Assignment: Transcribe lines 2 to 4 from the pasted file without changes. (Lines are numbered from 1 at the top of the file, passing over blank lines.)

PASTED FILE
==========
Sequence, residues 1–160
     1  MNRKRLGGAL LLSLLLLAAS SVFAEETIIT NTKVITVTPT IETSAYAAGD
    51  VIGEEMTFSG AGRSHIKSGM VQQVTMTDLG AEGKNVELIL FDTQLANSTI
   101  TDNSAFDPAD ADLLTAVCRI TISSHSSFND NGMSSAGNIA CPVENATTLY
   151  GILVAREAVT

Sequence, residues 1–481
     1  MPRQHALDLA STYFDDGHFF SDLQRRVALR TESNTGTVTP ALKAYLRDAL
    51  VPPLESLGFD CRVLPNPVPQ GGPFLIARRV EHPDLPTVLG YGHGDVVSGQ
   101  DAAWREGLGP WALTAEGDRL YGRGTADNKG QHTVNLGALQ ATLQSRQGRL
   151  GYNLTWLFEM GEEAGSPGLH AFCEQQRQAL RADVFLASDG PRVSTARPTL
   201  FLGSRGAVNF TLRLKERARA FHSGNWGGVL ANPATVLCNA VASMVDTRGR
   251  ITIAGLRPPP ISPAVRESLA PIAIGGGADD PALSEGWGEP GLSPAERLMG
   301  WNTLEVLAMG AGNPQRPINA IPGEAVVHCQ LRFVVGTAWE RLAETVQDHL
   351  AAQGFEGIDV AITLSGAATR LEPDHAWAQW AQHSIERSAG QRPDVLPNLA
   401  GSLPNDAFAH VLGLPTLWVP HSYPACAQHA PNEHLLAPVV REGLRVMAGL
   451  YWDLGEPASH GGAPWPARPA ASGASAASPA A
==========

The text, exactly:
     1  MNRKRLGGAL LLSLLLLAAS SVFAEETIIT NTKVITVTPT IETSAYAAGD
    51  VIGEEMTFSG AGRSHIKSGM VQQVTMTDLG AEGKNVELIL FDTQLANSTI
   101  TDNSAFDPAD ADLLTAVCRI TISSHSSFND NGMSSAGNIA CPVENATTLY